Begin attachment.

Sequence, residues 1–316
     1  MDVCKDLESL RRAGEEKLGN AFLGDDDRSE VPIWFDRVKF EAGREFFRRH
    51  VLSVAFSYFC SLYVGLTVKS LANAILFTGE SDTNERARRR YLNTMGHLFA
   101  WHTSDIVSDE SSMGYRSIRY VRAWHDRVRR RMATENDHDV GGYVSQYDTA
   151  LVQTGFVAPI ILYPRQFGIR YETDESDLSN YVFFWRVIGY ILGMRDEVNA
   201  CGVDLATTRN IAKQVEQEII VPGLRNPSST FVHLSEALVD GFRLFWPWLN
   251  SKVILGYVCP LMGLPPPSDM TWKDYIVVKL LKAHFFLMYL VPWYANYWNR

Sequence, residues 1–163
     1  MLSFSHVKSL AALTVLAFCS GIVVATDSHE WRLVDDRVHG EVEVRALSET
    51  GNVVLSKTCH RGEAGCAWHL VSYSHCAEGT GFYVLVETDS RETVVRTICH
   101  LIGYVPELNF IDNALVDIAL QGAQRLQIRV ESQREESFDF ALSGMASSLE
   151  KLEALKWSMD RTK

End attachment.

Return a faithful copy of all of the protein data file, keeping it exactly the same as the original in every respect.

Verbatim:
Sequence, residues 1–316
     1  MDVCKDLESL RRAGEEKLGN AFLGDDDRSE VPIWFDRVKF EAGREFFRRH
    51  VLSVAFSYFC SLYVGLTVKS LANAILFTGE SDTNERARRR YLNTMGHLFA
   101  WHTSDIVSDE SSMGYRSIRY VRAWHDRVRR RMATENDHDV GGYVSQYDTA
   151  LVQTGFVAPI ILYPRQFGIR YETDESDLSN YVFFWRVIGY ILGMRDEVNA
   201  CGVDLATTRN IAKQVEQEII VPGLRNPSST FVHLSEALVD GFRLFWPWLN
   251  SKVILGYVCP LMGLPPPSDM TWKDYIVVKL LKAHFFLMYL VPWYANYWNR

Sequence, residues 1–163
     1  MLSFSHVKSL AALTVLAFCS GIVVATDSHE WRLVDDRVHG EVEVRALSET
    51  GNVVLSKTCH RGEAGCAWHL VSYSHCAEGT GFYVLVETDS RETVVRTICH
   101  LIGYVPELNF IDNALVDIAL QGAQRLQIRV ESQREESFDF ALSGMASSLE
   151  KLEALKWSMD RTK